I look at life as a journey. From where and to what, I really have no idea. There is incredible beauty and nearly unendurable sadness to be experienced along the way. There is more love and wonder and worth around the next corner, as surely as there is another tragedy or horror waiting somewhere farther down the road. So you have to keep going. You have to…you have to…pick up the changes and the losses and the tears and the tatters and the heartbreak. Sling them over your back, and keep walking. To do otherwise would cheat yourself, and dishonor this incredible gift—and challenge—that we call “life.”

Saturday, October 3, 2009


I did something I very rarely do. I bought a best seller while it was still on the best seller list. It’s Half the Sky by Nicholas Kristof and his wife Sheryl WuDunn. And based on my first blast through the book I have a suggestion that would put Mr. Polansky’s talents to good use and keep him too busy to enjoy the delights of either France or his home I Switzerland for a very long time. How about a life sentence to community service making documentaries? On location.

He could start with the stories of poor or rural girls from Nepal to Malaysia and Thailand. Lured with promises of decent work in the cities or outright kidnapped they end up in a brother. Drugged, beaten and terrorized until they submit. Discarded when they reach their early twenties as too old and often with added bonus of infection with the AIDS virus.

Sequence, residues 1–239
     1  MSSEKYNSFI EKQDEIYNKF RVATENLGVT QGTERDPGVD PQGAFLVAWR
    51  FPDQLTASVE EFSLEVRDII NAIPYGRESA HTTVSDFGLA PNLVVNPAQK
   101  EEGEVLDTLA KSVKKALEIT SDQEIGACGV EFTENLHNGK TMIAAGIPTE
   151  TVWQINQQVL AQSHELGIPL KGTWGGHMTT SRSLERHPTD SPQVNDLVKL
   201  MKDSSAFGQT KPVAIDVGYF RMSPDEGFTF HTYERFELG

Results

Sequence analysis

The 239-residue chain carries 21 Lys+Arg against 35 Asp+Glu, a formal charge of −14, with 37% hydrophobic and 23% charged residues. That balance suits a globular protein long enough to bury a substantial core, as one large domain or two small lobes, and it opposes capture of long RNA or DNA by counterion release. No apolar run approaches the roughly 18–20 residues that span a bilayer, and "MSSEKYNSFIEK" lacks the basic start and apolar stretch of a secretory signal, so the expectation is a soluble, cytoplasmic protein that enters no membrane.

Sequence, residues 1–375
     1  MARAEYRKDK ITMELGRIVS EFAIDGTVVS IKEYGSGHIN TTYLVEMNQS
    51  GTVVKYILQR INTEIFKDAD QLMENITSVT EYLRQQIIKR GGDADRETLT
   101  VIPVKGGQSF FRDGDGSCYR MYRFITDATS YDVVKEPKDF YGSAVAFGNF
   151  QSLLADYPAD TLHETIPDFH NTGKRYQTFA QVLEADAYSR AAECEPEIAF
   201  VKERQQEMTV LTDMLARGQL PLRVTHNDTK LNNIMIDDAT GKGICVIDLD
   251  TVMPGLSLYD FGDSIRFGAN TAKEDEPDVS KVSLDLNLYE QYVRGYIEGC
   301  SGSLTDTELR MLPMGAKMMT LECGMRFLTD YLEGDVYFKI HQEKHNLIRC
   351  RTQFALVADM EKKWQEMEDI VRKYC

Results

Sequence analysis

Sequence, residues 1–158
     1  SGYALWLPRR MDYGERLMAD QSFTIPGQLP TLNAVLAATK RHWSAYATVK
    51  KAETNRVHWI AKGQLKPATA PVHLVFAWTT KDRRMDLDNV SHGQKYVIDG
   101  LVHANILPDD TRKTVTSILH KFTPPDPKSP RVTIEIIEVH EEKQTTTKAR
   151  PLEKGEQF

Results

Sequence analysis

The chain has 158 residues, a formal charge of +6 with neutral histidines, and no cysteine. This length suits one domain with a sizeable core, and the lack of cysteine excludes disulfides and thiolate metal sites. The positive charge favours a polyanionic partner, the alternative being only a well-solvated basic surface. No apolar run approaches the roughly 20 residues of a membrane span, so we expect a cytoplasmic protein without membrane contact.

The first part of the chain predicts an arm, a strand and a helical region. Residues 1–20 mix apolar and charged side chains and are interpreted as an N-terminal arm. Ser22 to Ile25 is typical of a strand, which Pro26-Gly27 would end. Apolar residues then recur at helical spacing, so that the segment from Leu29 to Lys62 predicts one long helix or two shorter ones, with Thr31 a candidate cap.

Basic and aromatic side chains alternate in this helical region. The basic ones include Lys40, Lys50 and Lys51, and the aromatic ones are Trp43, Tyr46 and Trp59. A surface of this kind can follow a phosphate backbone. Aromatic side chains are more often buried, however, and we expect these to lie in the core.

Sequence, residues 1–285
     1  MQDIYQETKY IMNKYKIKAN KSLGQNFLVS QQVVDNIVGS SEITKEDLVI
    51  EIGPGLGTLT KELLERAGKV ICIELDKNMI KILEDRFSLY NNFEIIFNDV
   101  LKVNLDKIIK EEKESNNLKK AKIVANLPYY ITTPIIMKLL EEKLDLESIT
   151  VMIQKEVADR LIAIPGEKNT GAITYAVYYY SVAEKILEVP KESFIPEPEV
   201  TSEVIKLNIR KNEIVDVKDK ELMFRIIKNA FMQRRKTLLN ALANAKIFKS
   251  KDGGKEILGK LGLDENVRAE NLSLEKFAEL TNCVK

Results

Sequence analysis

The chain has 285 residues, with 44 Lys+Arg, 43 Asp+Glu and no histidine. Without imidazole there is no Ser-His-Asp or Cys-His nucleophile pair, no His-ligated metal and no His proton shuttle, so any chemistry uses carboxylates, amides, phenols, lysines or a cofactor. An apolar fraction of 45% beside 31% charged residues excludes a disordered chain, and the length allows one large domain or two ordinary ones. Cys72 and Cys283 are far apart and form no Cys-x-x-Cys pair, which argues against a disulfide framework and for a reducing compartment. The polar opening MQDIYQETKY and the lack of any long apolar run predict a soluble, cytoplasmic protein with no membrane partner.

Then there’s the use of rape as a weapon of war in Central Africa, Sudan, Darfur, the Congo region of Africa, Rwanda, Kosovo, or Bosnia. Tracking down and telling the stories of the survivors and how they’re putting their lives back together one day at a time, one step of a time. That should keep him busy for at least a year.

I have a title for a third possible documentary. One Woman a Minute courtesy of Mr. Kristof’s book. Approximately one woman dies every minute, sixty minutes an hour, twenty four hours a day, three hundred sixty fire and a quarter days a year. They die in child birth or from complications of the birth. They die from ignorance, lack of pre natal care, or lack of post natal care. They die because they were married too young. They die because in too many parts of the world girls and women are the last in line when the food or medicine runs short. They die because they need surgery and the family has no money to pay the doctors that won’t help unless they’re paid first. They die because the doctors are willing and the supplies aren’t there or were stolen. I could go on and on.

Even with our teetering health care system an American woman has excellent odds of surviving; ours are 1 in 4,800 of dying in childbirth. Not the best; the odds are 1 in 47,600 for a woman in Ireland but it still beats the hell out of the 1 in 7 for a young other in the Western African country of Niger.